A parent recently shared that her kids’ elementary school requires students to use a paper planner starting in third grade (the school asks for some cash as part of school supplies to cover the cost and then distributes the planners to all students). They’re strongly recommended at the middle level, too, and the school sells them at registration (the planners are printed with the school logo and some school-specific information).
I’ve found that the best planners are those that are simple and offer opportunities to manage and track appointments, assignments, and activities, schedule time, and set goals.
I hope this helps!
If you’ve visited my office over the past fifteen years, chances are that you met Mason, my beloved wire-haired terrier mix who was immortalized in this 2008 New York Times article. When he and I first met, I was in my early twenties and was living in an in-law unit above a garage in Menlo Park, CA, trying to figure out what to do with my life.
Fast forward fifteen years, and what a ride it has been. Those who knew Mason knew how important he was to me. He impacted the lives of so many students, friends, family members, and caregivers who frequently asked about him, and I thought it best to compose an tribute—because what a life he lived! (Special thanks to Amanda Jones for her amazing photography)
Mason passed away peacefully at home on the afternoon of March 28, 2018, surrounded by his family, who loved him dearly. In his fifteen-plus years on this Earth, his gentle spirit brought so much joy to so many people of all ages.
Though his early story remains unknown, Mason was rescued from a high-kill shelter in California’s Central Valley and brought to Pets in Need in Redwood City, CA, in early 2003. Not long thereafter, he chose his human companion with a mix of the forceful determination and quiet fortitude he became known for throughout his life—in essence, he refused to leave her lap, and she realized she had no choice but to bring him home.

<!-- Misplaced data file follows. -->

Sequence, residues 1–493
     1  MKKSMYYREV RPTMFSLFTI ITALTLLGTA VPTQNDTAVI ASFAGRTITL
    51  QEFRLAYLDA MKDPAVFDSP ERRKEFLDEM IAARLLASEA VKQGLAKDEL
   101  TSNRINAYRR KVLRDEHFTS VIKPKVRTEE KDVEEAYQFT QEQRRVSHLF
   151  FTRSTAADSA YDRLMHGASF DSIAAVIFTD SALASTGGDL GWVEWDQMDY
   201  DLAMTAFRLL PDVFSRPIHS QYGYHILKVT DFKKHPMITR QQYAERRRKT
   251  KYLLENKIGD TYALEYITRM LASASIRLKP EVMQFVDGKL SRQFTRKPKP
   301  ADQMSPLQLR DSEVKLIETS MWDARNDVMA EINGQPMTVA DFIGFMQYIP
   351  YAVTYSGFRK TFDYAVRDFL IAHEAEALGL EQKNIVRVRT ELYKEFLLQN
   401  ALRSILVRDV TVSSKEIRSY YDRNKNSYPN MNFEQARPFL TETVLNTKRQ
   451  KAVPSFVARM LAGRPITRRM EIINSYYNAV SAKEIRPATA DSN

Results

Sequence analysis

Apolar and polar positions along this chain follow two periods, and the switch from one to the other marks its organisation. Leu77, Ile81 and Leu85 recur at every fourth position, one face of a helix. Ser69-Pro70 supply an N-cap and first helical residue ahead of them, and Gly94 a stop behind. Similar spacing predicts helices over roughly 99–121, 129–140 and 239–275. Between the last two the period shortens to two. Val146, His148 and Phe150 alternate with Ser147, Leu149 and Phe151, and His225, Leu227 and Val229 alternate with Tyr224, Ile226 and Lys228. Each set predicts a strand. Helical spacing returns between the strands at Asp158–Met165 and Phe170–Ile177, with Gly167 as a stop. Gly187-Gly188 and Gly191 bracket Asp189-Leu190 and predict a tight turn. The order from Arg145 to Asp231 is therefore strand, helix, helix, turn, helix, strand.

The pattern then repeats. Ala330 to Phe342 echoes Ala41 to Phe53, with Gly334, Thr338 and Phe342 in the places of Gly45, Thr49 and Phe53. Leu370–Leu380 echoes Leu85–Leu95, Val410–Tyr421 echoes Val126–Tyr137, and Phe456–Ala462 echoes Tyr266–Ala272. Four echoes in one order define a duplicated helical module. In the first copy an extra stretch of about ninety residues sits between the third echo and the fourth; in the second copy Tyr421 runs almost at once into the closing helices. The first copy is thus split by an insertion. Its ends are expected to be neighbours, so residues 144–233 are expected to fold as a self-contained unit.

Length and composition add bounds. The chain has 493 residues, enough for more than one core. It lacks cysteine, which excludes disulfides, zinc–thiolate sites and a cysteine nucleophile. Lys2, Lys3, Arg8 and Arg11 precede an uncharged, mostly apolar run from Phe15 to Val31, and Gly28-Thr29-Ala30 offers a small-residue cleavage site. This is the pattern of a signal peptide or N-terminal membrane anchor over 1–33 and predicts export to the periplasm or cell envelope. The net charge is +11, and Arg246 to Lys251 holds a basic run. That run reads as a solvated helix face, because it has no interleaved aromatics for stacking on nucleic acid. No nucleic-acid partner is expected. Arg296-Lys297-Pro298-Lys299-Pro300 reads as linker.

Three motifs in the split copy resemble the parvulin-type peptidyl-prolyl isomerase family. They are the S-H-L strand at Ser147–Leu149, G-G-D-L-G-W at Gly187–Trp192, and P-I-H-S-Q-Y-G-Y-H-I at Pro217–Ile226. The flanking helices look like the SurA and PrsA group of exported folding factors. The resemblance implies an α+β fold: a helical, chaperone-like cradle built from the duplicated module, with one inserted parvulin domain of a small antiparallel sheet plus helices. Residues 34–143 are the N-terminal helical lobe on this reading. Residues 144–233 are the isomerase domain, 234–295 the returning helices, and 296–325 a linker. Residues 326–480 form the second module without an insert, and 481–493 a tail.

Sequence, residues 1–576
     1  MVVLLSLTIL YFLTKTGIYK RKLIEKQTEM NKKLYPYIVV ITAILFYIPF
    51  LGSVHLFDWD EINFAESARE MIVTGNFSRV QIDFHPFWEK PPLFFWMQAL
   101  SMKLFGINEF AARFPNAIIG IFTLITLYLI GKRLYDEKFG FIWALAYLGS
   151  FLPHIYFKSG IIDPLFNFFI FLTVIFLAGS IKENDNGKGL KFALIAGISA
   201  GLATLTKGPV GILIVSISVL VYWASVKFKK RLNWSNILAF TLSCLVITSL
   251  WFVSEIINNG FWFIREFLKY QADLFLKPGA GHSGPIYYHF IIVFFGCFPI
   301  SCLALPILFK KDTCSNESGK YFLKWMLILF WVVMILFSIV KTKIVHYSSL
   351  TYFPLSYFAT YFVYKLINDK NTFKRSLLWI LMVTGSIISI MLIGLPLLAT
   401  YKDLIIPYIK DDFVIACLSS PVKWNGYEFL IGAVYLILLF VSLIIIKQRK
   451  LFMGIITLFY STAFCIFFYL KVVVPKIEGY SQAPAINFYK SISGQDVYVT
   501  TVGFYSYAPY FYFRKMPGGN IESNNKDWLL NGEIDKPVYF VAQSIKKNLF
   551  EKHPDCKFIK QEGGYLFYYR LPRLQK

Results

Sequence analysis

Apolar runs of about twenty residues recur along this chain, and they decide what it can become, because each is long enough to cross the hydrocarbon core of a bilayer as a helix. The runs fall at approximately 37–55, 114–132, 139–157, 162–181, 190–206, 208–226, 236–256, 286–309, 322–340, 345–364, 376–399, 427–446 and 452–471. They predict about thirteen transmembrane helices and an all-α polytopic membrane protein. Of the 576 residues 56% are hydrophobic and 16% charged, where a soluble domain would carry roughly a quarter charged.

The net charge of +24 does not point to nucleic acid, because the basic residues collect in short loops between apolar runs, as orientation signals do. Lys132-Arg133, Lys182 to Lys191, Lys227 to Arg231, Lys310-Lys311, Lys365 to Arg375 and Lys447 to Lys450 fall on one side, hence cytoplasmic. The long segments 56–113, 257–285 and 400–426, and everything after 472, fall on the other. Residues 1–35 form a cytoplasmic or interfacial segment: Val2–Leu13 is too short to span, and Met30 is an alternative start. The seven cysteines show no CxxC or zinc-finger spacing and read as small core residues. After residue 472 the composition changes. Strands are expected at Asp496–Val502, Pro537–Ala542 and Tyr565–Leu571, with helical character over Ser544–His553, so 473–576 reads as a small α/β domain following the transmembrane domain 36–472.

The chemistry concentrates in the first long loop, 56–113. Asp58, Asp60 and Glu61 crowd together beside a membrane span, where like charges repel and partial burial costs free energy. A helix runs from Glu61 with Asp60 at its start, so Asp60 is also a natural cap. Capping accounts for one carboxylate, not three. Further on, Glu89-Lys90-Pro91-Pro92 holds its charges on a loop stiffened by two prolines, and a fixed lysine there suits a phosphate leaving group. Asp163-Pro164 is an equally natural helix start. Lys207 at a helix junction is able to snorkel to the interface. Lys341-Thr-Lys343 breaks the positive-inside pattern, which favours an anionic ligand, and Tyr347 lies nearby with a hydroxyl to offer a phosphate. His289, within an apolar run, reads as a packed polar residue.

In their first year together, Mason experienced such severe separation anxiety that his human person brought him nearly everywhere. They also moved apartments twice in the span of three months to find the right living space (and then never moved again).
Naturally nervous and shy, Mason was happiest with his human, and his youthful prance and wide smile often caused people to stop as they were walking down the street—or, occasionally, yell out of cars—to inquire about Mason’s breed (mutt) and background (unknown). He’s so cute! He looks so happy! He’s smiling! Look at that prance! were all familiar refrains.
For nearly fifteen years, Mason came to the Green Ivy offices in Los Altos, CA, where in early years he would sit patiently by a few favorite students, occasionally jumping in a lap or two. He was especially good at identifying quiet students who might benefit from animal emotional support, and would sometimes leave his bed and sit quietly by their chair for the duration of their session. In later years, he mostly slept quietly in the back office.
Throughout his life, Mason attracted fans and friends from around the world. Doctors, nurses, caregivers, former Green Ivy students, and family friends remarked on his extraordinary life force. His sense of dignity and grace were compromised only by the presence of skateboarders, road cyclists, and the two min-pins on the third floor of his apartment building. Because of his likely abusive beginnings in the Central Valley, it was often difficult for him to warm up to strangers, but once someone became a trusted friend, it was a lifelong friendship.
In early 2010, Mason’s human person decided to get an exuberant, social terrier named Sallie, who was found in a dumpster in Redding, CA. Mason was immediately both doubtful and reluctant. Dubbed the Ambassador of Joy, Sallie had a spark of enthusiasm that gave Mason newfound confidence and renewed vitality, and the two of them would often prance together in unison down urban sidewalks, through city parks, along coastal beaches, or on trails in the Presidio. They had an adopted-sibling rivalry and love based on having polar-opposite personalities.